It was “82” or “81”?

It must have been after Ace Frehley had left?

Yeah, this one girl came and said that her boyfriend was Eric Carr and that they were auditioning guitar players and would I want to check it out, and I was like, “You’re kidding me.” I couldn’t believe it. I thought she was bullshitting me. But the next week, this band, we were playing Gozares, it’s a club in Hollywood it was called Gozares, the next week we played, and Eric Carr came. He called me later and said, “Come down to the Record Plant. I want you to meet Gene and Paul”. At that time, nobody had seen them without their makeup. It was kind of like this really weird thing. My sister was the biggest Kiss fan…she was freaking when I told her. I did some jamming on the songs they recorded in the studio. They were working on “Creatures of the Night,” I think. Gene said, put some solos on this song so we can see what you do. I did, and it was funny cause Gene goes, “Do you ever play major scales?” And I go, “Major scales, what’s that?” And I remember feeling this like, you know in your spine when you get something like, “Oh fuck!” And he goes “Major scales.” I’m like “What is that, what is a major scale?” And he goes “Do Re Mi Fa Sol’ … and I go, “Oh that, yeah I know how to do that!” Brrrrrrrrrrrr and I start playing. I didn’t know what it was called, you know. I was young. He wrote down some songs, and he goes home and learns these songs, and we’ll call you, and we’ll play. It was like “Dr. Love,” “Firehouse,” and “Black Diamond,”  or something. I didn’t have a phone at the time. I was just living in this little room, but I was working at a music store, and that’s the number they could reach me at. And they called and said, Okay, we’re gonna jam tomorrow at SIR studios in Hollywood. I come in, and it’s this massive, looks like an arena, a huge rehearsal room where people could set up their whole show, and there are just stacks of Marshalls. All this, I’m just like “Holy shit!” And I plugin and we played the songs, and it went pretty cool. About a week later, they called me back and told me to come back again. I went back, and we jammed that day. It went well. It sounded good, but I was too young. Anyway, after that, I started to get serious about practicing and things.  It was five or six years until Lion started recording. Did you ever hear that stuff?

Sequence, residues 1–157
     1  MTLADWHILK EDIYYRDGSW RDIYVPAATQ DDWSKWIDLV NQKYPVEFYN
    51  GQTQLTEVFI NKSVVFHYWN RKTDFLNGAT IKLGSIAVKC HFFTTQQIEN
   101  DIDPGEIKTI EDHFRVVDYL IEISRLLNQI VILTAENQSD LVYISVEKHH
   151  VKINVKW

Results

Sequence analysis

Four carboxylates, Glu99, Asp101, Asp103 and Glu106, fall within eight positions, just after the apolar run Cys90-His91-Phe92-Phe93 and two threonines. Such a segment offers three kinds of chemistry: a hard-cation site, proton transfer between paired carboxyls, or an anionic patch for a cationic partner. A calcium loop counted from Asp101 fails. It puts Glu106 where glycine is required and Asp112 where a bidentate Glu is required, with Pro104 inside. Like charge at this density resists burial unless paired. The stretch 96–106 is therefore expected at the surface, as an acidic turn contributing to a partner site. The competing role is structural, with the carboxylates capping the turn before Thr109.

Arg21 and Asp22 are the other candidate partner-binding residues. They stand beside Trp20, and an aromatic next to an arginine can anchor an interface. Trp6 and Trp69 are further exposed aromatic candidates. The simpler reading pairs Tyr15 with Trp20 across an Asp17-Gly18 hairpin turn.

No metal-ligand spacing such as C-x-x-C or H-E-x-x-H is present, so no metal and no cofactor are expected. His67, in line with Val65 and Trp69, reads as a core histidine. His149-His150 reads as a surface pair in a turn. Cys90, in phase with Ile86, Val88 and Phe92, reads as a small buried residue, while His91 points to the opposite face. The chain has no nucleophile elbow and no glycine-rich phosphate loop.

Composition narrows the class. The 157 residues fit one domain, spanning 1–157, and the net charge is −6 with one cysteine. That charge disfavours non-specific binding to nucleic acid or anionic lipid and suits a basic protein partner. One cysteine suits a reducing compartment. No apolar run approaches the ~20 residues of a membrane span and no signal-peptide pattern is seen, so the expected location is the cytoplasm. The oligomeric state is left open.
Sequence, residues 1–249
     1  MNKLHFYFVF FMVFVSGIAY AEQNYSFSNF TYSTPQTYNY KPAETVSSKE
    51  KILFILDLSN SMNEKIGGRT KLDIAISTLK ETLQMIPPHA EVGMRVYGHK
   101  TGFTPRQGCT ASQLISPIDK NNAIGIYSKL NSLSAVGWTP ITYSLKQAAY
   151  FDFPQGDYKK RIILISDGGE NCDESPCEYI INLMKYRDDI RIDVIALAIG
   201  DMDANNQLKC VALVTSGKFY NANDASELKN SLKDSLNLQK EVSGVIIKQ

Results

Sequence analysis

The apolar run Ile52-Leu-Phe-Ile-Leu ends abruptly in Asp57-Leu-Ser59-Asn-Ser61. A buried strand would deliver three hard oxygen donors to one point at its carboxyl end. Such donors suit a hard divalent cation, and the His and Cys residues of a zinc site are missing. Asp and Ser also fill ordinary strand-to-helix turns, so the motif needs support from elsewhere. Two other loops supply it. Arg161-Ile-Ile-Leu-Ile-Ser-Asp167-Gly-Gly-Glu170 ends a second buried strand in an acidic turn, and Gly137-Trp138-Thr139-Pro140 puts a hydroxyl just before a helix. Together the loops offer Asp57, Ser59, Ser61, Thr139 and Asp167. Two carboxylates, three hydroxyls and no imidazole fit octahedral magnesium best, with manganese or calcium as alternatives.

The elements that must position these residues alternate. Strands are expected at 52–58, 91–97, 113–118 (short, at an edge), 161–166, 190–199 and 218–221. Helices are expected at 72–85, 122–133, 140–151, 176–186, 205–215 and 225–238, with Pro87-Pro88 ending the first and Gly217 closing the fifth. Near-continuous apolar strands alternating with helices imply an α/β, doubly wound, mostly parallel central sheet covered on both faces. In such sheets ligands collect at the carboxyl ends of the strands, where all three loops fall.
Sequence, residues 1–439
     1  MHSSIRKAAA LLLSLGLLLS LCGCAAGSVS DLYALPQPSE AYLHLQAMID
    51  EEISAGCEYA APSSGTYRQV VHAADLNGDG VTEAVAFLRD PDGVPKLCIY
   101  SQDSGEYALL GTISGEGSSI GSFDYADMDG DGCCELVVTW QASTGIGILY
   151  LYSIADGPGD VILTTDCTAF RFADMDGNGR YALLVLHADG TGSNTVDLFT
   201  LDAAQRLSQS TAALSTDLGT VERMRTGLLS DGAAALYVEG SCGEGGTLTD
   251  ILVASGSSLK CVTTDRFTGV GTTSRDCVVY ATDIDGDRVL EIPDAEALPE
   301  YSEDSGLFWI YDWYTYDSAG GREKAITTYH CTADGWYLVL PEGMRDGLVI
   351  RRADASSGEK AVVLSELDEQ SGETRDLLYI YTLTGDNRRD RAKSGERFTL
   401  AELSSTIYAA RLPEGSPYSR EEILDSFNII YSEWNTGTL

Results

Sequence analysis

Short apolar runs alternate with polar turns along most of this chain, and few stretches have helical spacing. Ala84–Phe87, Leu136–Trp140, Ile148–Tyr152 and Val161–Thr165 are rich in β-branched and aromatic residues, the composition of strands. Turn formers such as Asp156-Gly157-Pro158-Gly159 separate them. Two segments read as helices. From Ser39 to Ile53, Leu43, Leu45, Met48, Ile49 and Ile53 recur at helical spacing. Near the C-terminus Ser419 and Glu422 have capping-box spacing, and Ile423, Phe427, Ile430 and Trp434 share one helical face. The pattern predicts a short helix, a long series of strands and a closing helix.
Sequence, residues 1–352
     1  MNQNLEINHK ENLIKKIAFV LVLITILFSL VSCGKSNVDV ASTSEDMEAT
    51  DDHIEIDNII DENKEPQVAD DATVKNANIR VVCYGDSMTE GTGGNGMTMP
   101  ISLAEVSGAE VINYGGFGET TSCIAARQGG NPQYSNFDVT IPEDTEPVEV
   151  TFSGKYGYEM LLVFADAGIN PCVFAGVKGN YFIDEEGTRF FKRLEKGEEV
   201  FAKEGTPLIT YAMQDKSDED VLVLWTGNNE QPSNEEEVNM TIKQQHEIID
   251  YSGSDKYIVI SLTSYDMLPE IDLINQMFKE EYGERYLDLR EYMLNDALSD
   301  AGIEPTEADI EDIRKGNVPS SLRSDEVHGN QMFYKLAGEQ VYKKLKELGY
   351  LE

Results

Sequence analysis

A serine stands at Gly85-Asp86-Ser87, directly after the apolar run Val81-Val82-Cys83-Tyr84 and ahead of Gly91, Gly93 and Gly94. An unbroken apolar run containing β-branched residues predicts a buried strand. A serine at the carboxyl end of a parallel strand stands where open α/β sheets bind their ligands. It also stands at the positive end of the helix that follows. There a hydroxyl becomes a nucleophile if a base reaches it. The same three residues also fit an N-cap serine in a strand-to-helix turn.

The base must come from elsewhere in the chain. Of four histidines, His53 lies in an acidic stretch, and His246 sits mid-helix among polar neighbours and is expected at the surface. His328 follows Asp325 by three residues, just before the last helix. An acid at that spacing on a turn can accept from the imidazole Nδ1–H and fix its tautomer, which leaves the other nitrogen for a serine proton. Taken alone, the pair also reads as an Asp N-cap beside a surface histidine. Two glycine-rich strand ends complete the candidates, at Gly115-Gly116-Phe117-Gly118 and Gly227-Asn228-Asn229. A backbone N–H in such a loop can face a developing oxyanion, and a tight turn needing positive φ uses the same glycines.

Yes, actually I have all the Lion albums in cd and vinyl format “laughs” But maybe you can tell me the story of Lion?

Lion was a band I had with this Scottish guy called Kal Swan singing. Lion was like a Whitesnake type of thing, and Kal was a huge David Coverdale fan. But we signed a record deal in the States that was just a really tough deal.

I remember that it was a label fronted by some brothers, right?